Genomics Services

DNA SEQUENCING SERVICES
Sanger (BigDye) Sequencing Services

Protocols
I. Preparation of High Quality Templates

Methods for purification of high-quality templates include QIAprep products (from QIAGEN) which include individual columns, strips of 8, or 96-well plates. These silica membrane products adsorb high salt contaminants producing DNA templates in water or low-salt buffer. There is also Promega Wizard and many other products including Fisher (Life Technologies) GenJet PCR Purification or  Zymo Research to among others. Note that the following contaminants can negatively impact sequencing.

Contaminant             Max level of tolerance          Effect

RNA                                  1 ug per reaction                         high background

PEG                                   0.3%                                              polymerase inhibition/run failure

EtOH                                 1.2%                                              polymerase inhibition/run failure

NaOAc                               0.4mM                                          polymerase inhibition/run failure

Phenol                                0                                                    polymerase inhibition/run failure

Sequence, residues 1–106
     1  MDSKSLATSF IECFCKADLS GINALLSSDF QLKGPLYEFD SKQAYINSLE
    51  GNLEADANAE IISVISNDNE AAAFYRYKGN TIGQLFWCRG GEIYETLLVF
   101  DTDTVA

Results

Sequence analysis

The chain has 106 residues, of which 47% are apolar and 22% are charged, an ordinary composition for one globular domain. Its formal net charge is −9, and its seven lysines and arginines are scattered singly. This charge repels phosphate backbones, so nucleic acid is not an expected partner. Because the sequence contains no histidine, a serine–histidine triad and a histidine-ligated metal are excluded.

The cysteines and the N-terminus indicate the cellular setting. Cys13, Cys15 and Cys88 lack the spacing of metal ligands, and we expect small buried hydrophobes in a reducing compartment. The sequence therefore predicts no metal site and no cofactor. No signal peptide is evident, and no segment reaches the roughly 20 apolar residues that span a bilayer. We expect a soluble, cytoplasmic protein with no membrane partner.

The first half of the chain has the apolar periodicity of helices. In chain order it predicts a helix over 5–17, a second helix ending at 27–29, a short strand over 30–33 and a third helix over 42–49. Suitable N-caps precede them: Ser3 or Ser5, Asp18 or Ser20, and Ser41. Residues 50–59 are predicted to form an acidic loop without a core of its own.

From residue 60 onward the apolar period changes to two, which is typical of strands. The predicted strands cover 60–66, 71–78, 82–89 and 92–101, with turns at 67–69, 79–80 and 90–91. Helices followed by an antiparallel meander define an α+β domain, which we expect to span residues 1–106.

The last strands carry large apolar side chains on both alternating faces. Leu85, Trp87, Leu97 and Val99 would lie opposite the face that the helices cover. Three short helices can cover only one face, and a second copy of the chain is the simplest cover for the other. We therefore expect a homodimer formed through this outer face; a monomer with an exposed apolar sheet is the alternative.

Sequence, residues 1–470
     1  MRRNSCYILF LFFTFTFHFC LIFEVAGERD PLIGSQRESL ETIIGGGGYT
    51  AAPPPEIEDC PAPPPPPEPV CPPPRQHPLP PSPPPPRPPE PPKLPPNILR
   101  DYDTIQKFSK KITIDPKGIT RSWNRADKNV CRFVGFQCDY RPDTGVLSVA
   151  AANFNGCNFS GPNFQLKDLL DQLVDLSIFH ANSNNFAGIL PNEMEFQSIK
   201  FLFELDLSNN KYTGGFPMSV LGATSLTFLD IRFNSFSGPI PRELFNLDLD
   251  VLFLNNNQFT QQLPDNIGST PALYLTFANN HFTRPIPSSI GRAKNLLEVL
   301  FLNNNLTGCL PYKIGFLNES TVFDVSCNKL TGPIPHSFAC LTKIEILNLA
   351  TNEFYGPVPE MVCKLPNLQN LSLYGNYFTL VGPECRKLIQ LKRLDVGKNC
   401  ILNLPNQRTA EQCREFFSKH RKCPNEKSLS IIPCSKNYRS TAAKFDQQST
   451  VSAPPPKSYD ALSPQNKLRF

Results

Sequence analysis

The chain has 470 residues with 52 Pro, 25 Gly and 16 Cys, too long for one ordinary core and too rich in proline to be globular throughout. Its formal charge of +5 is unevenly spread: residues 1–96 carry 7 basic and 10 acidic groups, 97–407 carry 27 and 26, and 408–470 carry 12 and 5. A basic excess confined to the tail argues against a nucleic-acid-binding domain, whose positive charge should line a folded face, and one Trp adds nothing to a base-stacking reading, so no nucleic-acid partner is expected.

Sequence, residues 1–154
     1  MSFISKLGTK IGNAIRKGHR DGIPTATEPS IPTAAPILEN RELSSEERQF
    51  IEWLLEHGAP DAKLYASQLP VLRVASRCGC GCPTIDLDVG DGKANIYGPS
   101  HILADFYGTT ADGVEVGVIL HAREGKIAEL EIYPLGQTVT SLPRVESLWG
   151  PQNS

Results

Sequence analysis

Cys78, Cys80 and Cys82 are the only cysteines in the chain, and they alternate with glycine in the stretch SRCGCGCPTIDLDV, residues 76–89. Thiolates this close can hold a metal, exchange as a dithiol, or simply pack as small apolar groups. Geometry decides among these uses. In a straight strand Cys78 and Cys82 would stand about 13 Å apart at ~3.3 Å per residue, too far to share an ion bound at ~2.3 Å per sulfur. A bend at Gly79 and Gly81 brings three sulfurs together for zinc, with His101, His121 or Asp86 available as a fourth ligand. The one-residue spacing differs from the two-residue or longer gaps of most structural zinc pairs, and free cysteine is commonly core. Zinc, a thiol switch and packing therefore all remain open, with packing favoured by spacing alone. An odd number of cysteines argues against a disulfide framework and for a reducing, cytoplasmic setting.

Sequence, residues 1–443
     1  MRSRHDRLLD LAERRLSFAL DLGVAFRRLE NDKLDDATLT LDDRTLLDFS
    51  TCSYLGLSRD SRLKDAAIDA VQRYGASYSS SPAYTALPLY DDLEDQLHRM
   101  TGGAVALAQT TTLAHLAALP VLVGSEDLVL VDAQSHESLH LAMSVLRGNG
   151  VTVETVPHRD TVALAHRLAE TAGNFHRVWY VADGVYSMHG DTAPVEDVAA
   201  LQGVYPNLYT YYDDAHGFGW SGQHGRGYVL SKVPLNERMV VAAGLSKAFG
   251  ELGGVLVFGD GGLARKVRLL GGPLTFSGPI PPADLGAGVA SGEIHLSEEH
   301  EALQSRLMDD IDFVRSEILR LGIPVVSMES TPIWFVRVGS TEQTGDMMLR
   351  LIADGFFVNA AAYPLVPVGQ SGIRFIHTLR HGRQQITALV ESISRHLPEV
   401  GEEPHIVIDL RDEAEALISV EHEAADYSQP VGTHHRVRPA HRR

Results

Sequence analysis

Chloroform                        0                                                    polymerase inhibition/run failure

CsCl                                    0.4mM                                          polymerase inhibition/run failure

EDTA/salts                       0.2mM                                          injection failure/weak signal

II. Submitting Templates in Tubes for Sequencing

1. Forms. DNA sequencing forms are on-line at the IIGB Billing and Reservation Site. If you have not used the site previously you will need to register to access forms and other information such as pricing. Online forms must be filled out completely. A printed copy of your form should be submitted along with your samples to the Genomics Core. We are located at 2016 Keen Hall. For those who are off campus, please include a printed copy of the form with your shipped samples.